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Trans fats to be phased out, FDA says

Trans fats to be phased out, FDA says | CareSwap_CHF & Heart Disease | Scoop.it
The heart-clogging ingredient commonly used in processed foods such as frozen pizza remains a “significant public health concern,” the agency says.
Ginny Dillon's insight:

Progress on the food front! Trans fats raise (bad) LDL and lower (good) HDL increasing incedence of heat disease.

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Medical Bills Are the Biggest Cause of US Bankruptcies: Study

Medical Bills Are the Biggest Cause of US Bankruptcies: Study | CareSwap_CHF & Heart Disease | Scoop.it
Rising medical bills are likely to force many people to file for bankruptcy—making it the single biggest cause of such filings, according to new data from NerdWallet. Even those with health insurance are buckling under mounting bills.
Ginny Dillon's insight:

No other country. Just the US.

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Heart Stents Still Overused, Experts Say

Heart Stents Still Overused, Experts Say | CareSwap_CHF & Heart Disease | Scoop.it
Some experts say that part of the problem is simply that many patients, and even some doctors, incorrectly regard coronary artery disease as a plumbing problem.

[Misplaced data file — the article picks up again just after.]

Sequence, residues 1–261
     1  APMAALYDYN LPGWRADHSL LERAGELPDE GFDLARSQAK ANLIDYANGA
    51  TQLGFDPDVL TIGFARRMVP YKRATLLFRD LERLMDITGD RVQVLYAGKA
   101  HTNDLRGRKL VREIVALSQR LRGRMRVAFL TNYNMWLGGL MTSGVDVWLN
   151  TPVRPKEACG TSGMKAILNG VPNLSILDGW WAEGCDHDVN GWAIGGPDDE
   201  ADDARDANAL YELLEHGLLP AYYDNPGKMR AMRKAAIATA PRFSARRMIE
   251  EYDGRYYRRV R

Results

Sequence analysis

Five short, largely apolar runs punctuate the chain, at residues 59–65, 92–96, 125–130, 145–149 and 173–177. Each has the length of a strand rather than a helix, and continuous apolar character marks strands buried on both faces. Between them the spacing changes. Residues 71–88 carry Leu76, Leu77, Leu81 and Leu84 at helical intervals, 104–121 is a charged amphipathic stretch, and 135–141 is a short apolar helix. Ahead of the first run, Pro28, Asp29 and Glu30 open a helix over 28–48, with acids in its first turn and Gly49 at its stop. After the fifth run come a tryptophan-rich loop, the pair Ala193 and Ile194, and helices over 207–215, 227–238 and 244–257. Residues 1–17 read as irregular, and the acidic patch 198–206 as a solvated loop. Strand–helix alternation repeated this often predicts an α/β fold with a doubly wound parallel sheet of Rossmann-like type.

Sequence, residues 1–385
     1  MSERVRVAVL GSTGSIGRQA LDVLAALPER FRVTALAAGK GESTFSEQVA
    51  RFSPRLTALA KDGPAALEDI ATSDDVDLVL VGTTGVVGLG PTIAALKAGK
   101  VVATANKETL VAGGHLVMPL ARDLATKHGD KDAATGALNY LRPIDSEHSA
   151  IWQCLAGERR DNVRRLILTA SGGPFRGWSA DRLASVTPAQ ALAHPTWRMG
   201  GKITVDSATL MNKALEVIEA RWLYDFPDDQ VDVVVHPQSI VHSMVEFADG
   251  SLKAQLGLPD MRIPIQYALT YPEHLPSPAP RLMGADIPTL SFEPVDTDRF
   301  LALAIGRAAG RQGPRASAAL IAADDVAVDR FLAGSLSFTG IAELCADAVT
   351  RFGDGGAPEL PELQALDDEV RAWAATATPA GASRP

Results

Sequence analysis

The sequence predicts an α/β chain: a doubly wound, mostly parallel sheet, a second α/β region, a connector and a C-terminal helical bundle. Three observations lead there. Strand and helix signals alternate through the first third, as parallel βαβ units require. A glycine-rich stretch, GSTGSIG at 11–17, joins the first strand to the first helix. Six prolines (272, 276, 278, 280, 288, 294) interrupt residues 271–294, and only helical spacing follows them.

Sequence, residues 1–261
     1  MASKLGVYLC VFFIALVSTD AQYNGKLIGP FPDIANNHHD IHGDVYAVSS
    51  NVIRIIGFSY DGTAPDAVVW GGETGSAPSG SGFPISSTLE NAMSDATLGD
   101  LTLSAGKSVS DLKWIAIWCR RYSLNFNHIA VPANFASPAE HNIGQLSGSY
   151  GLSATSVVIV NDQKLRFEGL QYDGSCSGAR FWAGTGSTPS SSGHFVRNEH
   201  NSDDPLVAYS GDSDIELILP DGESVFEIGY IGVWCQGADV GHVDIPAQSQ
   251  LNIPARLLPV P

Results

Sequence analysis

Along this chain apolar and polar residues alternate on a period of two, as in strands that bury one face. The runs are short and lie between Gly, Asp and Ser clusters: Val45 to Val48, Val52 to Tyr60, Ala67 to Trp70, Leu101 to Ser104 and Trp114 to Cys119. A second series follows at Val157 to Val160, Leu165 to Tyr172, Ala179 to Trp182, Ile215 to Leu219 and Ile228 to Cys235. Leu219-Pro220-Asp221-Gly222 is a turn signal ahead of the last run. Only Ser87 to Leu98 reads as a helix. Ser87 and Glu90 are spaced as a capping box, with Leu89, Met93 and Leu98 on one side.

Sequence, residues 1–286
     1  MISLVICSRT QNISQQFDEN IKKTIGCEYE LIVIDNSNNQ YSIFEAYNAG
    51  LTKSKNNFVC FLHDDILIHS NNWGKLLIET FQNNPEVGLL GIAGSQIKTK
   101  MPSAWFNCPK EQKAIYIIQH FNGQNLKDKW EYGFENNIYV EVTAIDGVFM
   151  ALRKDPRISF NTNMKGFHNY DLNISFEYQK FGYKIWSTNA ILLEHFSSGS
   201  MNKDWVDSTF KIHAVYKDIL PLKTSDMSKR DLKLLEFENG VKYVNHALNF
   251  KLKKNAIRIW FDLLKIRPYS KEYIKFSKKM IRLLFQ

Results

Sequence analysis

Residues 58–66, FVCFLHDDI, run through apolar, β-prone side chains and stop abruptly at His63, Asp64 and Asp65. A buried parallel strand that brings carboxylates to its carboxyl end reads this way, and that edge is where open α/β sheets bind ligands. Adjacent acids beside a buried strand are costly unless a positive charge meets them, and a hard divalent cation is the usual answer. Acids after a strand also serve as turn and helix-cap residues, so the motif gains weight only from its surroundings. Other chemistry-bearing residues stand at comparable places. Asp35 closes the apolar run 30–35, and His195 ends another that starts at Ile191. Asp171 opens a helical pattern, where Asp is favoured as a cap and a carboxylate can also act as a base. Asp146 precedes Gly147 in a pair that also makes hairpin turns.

Ginny Dillon's insight:

Bottom line _ talk with your doctor.

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Former President George W. Bush's Heart Procedure Raises Questions for Many on Risk of Heart Disease - Scrubbing In

Former President George W. Bush's Heart Procedure Raises Questions for Many on Risk of Heart Disease - Scrubbing In | CareSwap_CHF & Heart Disease | Scoop.it
Former President Geoge W. Bush recently discovered he might have a blocked artery in his heart.
Ginny Dillon's insight:

Huge wake up call for us all. Why former President George W. Bush? What is a stent and why this procedure? Many other questions ...

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Why did this image of a crying doctor go viral? Here's why.

Why did this image of a crying doctor go viral? Here's why. | CareSwap_CHF & Heart Disease | Scoop.it
Outside of a hospital, an ER doctor grieves the loss of his patient. He's a true hero.
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HBP Patient Guide / 1

Understanding and Managing
High Blood Pressure
Check.
Change.
Control.